Vincent Schiavelli

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Golden Door Review


OK
The immigrant experience in the United States is typically viewed through two particularly rosy set of historical glasses. The first version pits strong-willed foreigners against the elements to hear freedom's sweet, sweet ring. The other offers gritty, no-nonsense realism highlighting the mighty struggles (both personal and logistical) of picking up ancestral stakes and starting a new life elsewhere. Somewhere in the middle of these competing conceits is Nuovomondo (translation: "New World," but now known as Golden Door), a fascinating if ultimately flawed film by Italian director Emanuele Crialese. By combining a dour portrait of migrant misadventures with flights of slightly surrealistic fantasy, we are supposed to see both sides of the issue. Instead, the battling approaches cancel each other out, resulting in an effort that fails to resonate emotionally.

When we first meet the Mancuso boys -- oldest son Salvatore (Vincenzo Amato) and the younger Angelo -- they are climbing up the side of a Sicilian peak, their mouths laden with rocks. As part of some arcane, unexplained ritual, the brothers are seeking a sign as to whether to travel to America. When Salvatore's deaf mute son Pietro shows up, photos of the new world in hand, the images of gigantic produce and money-stocked trees settle the debate. Grabbing his resistant mother and a pair of promised brides, they make their way from the country to the sea, where they must endure the elaborate (and corrupt) process of finding passage. During their trials, Salvatore meets a proper English woman named Lucy (Charlotte Gainsbourg). Rumored to be anything from royalty to a prostitute, one thing is certain: The lady needs a husband to help her gain access at Ellis Island. After refusing the advances of a marriage broker (the late Vincent Schiavelli), she sets her sights on Salvatore.

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Tomorrow Never Dies Review


Bad
The arguable nadir of the Bond series, Tomorrow Never Dies finds a weary Brosnan battling, ahem, a Rupert Murdoch-like media mogul who uses mercenaries to start wars just so he can write about them in his newspapers first. Oh, the humanity. While there's a glimmer of sincerity in Tomorrow's notion of current events as media spectacle, the movie gets just about everything dead wrong, from its bad guy (Jonathan Pryce, who I love, is possible the worst villain ever) to its Bond girl (Michelle Yeoh). Even the evil henchman is badly picked: Ricky Jay is a lovable magician, not a hard-nosed killer. Need I mention director Roger Spottiswoode previously helmed Stop! Or My Mom Will Shoot! Maybe Bond could have taken her out too.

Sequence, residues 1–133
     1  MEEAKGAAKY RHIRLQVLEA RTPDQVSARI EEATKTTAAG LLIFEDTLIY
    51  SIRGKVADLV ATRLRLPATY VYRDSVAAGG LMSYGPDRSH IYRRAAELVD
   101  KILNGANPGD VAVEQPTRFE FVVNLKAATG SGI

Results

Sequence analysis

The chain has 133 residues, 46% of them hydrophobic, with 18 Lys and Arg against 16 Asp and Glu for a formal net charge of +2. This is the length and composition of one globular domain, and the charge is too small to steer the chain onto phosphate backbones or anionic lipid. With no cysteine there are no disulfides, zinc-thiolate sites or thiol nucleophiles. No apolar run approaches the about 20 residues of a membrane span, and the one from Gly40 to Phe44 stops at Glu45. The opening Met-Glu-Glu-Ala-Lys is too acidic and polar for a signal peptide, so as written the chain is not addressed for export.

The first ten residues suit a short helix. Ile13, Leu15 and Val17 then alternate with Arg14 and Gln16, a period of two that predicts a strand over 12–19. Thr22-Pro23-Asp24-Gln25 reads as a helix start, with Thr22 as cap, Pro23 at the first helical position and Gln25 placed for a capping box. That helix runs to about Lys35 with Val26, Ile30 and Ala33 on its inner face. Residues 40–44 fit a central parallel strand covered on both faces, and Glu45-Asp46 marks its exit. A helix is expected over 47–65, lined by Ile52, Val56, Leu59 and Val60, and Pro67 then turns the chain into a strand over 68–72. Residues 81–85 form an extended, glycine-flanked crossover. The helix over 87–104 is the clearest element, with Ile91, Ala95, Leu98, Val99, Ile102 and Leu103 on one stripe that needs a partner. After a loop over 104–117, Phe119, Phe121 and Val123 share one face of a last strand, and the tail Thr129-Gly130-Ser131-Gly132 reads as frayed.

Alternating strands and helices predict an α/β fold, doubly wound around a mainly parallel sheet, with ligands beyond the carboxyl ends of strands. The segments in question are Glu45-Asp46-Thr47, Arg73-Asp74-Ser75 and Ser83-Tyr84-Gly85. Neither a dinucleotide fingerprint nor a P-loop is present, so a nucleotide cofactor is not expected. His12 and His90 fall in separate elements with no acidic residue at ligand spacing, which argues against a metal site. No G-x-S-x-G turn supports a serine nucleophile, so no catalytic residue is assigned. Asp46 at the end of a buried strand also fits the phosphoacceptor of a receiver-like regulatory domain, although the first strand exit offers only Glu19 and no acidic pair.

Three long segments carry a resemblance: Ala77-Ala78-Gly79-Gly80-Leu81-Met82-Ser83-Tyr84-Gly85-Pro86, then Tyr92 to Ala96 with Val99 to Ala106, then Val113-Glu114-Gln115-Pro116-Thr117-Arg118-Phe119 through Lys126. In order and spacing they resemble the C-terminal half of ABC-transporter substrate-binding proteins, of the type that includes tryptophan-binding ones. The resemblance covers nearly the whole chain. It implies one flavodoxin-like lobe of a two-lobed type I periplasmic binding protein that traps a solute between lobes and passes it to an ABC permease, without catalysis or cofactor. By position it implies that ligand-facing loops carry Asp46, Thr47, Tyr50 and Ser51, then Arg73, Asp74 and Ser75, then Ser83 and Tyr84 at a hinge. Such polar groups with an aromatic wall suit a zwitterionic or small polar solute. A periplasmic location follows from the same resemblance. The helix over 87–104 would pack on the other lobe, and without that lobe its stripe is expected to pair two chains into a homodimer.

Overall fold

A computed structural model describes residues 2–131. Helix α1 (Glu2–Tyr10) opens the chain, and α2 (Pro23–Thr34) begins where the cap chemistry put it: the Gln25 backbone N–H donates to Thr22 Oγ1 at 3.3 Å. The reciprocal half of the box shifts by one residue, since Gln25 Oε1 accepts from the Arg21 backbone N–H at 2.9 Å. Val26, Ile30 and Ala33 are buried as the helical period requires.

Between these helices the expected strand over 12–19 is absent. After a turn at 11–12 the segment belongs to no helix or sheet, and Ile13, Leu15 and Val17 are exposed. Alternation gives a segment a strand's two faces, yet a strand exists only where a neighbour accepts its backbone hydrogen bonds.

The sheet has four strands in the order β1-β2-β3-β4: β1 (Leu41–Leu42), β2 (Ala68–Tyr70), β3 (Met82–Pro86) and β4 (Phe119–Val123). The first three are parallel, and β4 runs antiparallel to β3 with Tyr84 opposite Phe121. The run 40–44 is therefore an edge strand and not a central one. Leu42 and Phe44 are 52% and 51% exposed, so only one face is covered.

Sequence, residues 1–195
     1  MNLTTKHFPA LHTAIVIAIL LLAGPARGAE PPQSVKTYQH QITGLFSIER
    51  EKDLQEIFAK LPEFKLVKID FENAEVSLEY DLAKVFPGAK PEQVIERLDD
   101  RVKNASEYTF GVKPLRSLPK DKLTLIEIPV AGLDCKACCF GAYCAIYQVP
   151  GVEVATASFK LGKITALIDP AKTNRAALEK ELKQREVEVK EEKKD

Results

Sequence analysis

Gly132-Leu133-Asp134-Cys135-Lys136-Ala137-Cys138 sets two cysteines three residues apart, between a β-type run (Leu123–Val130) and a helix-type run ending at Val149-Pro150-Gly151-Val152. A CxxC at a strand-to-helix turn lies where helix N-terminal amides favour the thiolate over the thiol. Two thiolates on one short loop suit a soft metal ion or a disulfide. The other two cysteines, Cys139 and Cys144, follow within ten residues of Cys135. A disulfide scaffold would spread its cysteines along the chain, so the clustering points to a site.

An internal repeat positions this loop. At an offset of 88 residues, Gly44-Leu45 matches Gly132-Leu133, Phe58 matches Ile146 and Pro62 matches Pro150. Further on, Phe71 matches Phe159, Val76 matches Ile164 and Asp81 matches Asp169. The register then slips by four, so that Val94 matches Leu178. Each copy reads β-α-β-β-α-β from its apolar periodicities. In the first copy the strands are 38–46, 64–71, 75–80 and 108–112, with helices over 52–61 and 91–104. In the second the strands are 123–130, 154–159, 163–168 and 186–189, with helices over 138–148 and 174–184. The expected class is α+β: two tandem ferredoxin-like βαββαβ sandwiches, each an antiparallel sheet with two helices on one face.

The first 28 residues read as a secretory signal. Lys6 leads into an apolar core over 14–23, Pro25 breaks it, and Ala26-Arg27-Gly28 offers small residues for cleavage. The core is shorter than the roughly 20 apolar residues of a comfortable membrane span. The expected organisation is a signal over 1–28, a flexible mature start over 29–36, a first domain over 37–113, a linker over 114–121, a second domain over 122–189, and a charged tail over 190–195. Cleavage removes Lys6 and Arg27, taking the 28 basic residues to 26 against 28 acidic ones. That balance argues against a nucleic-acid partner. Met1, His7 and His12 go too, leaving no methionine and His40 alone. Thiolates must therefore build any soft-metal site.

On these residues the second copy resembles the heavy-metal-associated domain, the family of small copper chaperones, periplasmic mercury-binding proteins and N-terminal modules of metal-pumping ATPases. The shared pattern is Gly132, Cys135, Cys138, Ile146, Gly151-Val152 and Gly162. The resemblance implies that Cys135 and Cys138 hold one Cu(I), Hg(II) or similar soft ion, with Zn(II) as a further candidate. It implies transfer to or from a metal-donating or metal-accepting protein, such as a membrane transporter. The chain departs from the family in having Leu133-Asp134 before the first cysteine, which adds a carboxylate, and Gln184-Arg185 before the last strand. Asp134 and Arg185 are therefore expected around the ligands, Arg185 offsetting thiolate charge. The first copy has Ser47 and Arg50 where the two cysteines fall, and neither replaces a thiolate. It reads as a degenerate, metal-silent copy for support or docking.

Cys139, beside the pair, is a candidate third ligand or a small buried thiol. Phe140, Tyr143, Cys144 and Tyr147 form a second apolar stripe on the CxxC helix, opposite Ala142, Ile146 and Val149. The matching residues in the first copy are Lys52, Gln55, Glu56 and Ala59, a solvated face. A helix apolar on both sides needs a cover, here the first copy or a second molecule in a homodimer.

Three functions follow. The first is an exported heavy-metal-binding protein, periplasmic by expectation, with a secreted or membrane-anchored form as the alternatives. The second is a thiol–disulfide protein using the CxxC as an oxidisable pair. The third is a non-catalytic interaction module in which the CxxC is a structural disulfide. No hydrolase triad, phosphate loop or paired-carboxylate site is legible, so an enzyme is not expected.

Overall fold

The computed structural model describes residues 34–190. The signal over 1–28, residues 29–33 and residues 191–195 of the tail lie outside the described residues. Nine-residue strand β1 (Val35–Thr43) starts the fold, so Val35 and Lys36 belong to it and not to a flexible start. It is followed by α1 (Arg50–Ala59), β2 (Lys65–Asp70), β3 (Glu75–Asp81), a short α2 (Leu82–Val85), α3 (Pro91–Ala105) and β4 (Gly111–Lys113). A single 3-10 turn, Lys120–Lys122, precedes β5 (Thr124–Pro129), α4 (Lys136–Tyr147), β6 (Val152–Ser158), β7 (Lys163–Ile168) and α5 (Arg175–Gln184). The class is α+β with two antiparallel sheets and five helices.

Continue reading: Tomorrow Never Dies Review

Fast Times At Ridgemont High Review


Excellent
What, you ask, is this movie of movies? This one which you've heard about? It's an eighties thing, with not much appeal for the modern troupe because its slower paced, less funny, than what you might see today. But, like a lot of eighties movies, it holds its own merit. This adaptation of the book by Cameron Crowe (don't know who he is? I'll give you a hint. He wrote and directed the famous line "Did you know the human brain weighs eight pounds?" That's right, the maker of Jerry Maguire and Singles) is a coming-of-age drama about a young girl making the choice all of us make, sex or a relationship.Sure, we tell ourselves that both can exist, and they can, but there is the line that she draws: if she wants to sleep around or if she wants to have something to hold onto. And the movie, in a nutshell, is about that. It follows her and her friends during their last year in High School in the small town of Ridgemont. Where each one of them ends up with their troubles, ranging from no girlfriend to an abortion to adultery. It sounds serious, right?That's not quite on target.The movie has its serious moments, but it has its funny moments too: from two girls practicing blow jobs on a carat at a lunch table to a guy cruising for chicks dressed in a pirate cap. The movie is sublimely funny. And interesting. It's very sad, in my mind, that those things are so rarely seen in the 90s.
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